"We will not recover from this easily"
A first hand account of the Turkey-Syria earthquake
"Buildings fell down, people screaming..."
Safa stands before a pile of rubble in Northwest Syria. Behind her, a building that once housed up to 24 families now lies in ruins. As a Monitoring and Evaluation Officer for World Vision, Safa is part of the relief effort. But she and her family also experienced the devastation first-hand.
Safa recalls the first earthquake:
“During that night, we were sleeping and I felt the ground shaking. Frightened, I kept saying it will calm down. And it will go away. But it was increasing [and the] sound from the ground was frightening. Me and my husband covered my children to protect them saying it will stop but it wouldn’t. The sound of the falling building was horrific. I thought it was shelling. For a second we were helpless. We couldn’t make a decision what to do. My husband said, ‘What are we doing here? Let’s go down.’ We gathered our children and went out and that’s when the disaster came about. The buildings fell down, people screaming, and at their children, at their mother, for someone to help, to remove the rubble and alive people underneath.”
"We will not recover from this easily,” Safa continues. “People need help. Urgent help. There are no shelters. Those who have full or partial damage are [staying with] their relatives or a displacement camp or outside. There are families there under the trees. They are lighting a fire, afraid to go into the house as it’s cracked... they don’t have anywhere else to go.”
News channels have been full of images and stories from Syria and Turkey (officially the Republic of Türkiye), where over 30,000 people have been confirmed dead and so many more are now homeless.
The world watched the scenes of devastation in the wake of two powerful earthquakes in the early hours of Monday 6 February. Hope faded fast for so many trapped beneath the rubble, while survivors themselves clawed at the ruins of tower blocks, desperately trying to rescue family, friends, neighbours.
READ MORE: What's happening in Turkey and Syria?
There have been some miraculous stories of people being pulled from the rubble more than a week in, surviving despite the odds. But there is much for the people of these two nations to process in the wake of a disaster that has created need greater than any other natural disaster World Vision has responded to in over a decade.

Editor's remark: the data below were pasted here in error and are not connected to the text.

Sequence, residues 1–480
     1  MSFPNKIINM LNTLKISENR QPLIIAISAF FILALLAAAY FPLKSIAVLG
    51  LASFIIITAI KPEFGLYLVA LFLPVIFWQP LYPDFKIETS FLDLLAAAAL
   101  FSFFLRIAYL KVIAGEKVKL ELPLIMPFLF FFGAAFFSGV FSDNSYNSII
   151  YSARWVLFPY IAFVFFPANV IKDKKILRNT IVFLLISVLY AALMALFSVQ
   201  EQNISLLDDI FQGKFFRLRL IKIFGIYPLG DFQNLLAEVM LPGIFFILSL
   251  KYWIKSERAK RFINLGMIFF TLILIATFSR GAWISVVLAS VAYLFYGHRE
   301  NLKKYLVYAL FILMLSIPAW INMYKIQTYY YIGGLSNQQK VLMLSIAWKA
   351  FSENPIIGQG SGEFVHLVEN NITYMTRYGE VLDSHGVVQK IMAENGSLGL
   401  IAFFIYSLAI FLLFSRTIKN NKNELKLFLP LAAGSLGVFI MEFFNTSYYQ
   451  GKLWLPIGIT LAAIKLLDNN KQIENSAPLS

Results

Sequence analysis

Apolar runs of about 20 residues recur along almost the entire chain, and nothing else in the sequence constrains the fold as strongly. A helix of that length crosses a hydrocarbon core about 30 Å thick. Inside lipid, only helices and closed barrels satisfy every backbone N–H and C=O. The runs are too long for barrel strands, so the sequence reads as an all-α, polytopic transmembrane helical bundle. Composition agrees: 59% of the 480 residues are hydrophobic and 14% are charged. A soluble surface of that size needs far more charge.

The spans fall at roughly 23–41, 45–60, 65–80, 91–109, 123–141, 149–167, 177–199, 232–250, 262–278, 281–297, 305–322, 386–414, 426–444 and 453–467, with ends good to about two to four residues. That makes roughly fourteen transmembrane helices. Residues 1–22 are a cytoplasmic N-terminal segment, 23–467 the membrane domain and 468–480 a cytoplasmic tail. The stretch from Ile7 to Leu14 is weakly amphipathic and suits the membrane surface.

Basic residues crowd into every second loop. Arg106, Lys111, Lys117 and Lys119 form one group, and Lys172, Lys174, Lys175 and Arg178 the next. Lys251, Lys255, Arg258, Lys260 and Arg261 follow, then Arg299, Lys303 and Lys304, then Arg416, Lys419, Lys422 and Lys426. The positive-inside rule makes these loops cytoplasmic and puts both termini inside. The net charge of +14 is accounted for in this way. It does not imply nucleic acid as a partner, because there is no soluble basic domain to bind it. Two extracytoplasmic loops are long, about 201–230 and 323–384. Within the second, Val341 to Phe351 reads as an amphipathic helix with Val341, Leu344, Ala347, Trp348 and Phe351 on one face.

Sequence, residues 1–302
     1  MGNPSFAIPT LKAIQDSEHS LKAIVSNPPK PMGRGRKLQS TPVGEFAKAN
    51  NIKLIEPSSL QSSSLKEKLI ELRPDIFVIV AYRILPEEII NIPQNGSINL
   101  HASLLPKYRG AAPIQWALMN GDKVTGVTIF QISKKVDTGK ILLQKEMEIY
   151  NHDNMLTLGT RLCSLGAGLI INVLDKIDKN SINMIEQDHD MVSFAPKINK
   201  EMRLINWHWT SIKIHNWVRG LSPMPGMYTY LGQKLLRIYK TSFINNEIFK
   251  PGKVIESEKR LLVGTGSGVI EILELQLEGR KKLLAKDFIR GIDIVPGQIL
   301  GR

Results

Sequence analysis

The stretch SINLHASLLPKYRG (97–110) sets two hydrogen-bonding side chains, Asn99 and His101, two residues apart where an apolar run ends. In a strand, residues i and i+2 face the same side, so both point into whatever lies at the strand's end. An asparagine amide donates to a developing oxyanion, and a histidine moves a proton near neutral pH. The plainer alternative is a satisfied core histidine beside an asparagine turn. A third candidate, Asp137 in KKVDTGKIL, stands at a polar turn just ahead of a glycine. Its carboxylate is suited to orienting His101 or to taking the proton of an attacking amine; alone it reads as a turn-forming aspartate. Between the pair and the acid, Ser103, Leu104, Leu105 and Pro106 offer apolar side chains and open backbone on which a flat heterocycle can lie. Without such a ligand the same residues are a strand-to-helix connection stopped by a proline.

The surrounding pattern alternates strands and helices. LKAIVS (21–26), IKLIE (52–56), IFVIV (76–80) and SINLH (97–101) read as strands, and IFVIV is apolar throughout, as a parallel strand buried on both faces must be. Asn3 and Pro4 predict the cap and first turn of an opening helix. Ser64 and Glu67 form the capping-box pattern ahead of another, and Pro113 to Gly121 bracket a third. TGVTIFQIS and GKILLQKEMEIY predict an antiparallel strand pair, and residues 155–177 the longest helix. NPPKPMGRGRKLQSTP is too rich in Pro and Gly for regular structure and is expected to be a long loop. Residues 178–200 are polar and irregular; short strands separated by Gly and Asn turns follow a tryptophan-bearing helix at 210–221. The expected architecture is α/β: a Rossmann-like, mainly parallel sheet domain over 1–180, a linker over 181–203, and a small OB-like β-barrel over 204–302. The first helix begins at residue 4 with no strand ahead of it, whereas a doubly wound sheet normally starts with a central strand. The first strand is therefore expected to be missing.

“Cocktail of catastrophe”
Johan Mooij, World Vision’s Syria Response Director, shares his thoughts on the disaster:
“The Türkiye-Syria earthquake is serving up a cocktail of catastrophe from wide scale death, destruction and injuries. Combined with the pre-existing levels of need in northwest Syria, following 12 years of conflict, and the harsh winter conditions amidst mass displacement – to say it’s challenging is quite an understatement.
“Beyond the spiralling death toll, this earthquake in northwest Syria is unique because four million people were already completely dependent on humanitarian aid prior to Monday's disaster and access to this area was, and is, extremely constrained due to conflict dynamics.”
Access to Syria
While the world has been able to keep up-to-date with the recovery progress in Turkey, this hasn't been the case in Syria due to limited access. However, thankfully, World Vision had a team in place, already supporting the vast number of refugees and displaced people in the northwest of the country.
World Vision’s response
Since day one, World Vision has been working locally in Syria and Turkey. Our team initially provided 17,000 litres of fuel to health facilities and rescue teams in northwest Syria, to enable them to keep running their operations, transporting and treating the wounded. Emergency kits, water, food, shelter, winter kits and medical items have also been supplied.
The response to the Turkey-Syrian earthquakes from our supporters has been amazing. If you’ve been able to give, thank you so much.
The recovery is going to be extensive in terms of time and cost. Many thousands are homeless and have nothing but the clothes on their backs. A monthly gift will help us plan ahead for the coming months of recovery.
Helping vulnerable children
In the aftermath of disasters like the Turkey-Syria earthquakes, children are most vulnerable. In Turkey and Syria, many have become orphaned and homeless in a matter of minutes.
Even those who haven’t lost a parent or sibling will be scarred by what they’ve seen and heard: the ground violently shaking, buildings collapsing around them, sounds of distress. These events will probably stay with them for the rest of their lives.
As a member of the DEC (Disasters Emergency Committee) and with more than seventy years’ experience of responding to emergencies like this, World Vision has the resources to provide not just practical support to those affected by the quake. We will also be there to support the emotional recovery of children with psychosocial support.
A gift today will be used to help children who are vulnerable right now.